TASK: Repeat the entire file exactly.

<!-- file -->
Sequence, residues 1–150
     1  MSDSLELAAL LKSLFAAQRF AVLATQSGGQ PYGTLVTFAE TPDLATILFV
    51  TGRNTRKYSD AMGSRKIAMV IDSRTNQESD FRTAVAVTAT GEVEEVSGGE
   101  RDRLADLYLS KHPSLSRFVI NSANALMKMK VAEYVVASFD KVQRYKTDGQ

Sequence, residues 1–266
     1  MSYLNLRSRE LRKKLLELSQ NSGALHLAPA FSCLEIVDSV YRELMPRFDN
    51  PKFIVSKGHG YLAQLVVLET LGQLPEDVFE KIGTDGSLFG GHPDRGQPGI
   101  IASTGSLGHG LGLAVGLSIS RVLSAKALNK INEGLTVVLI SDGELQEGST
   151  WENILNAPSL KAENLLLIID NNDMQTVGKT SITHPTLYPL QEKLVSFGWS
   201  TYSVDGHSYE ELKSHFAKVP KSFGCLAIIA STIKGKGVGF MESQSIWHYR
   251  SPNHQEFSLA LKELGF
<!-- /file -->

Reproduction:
Sequence, residues 1–150
     1  MSDSLELAAL LKSLFAAQRF AVLATQSGGQ PYGTLVTFAE TPDLATILFV
    51  TGRNTRKYSD AMGSRKIAMV IDSRTNQESD FRTAVAVTAT GEVEEVSGGE
   101  RDRLADLYLS KHPSLSRFVI NSANALMKMK VAEYVVASFD KVQRYKTDGQ

Sequence, residues 1–266
     1  MSYLNLRSRE LRKKLLELSQ NSGALHLAPA FSCLEIVDSV YRELMPRFDN
    51  PKFIVSKGHG YLAQLVVLET LGQLPEDVFE KIGTDGSLFG GHPDRGQPGI
   101  IASTGSLGHG LGLAVGLSIS RVLSAKALNK INEGLTVVLI SDGELQEGST
   151  WENILNAPSL KAENLLLIID NNDMQTVGKT SITHPTLYPL QEKLVSFGWS
   201  TYSVDGHSYE ELKSHFAKVP KSFGCLAIIA STIKGKGVGF MESQSIWHYR
   251  SPNHQEFSLA LKELGF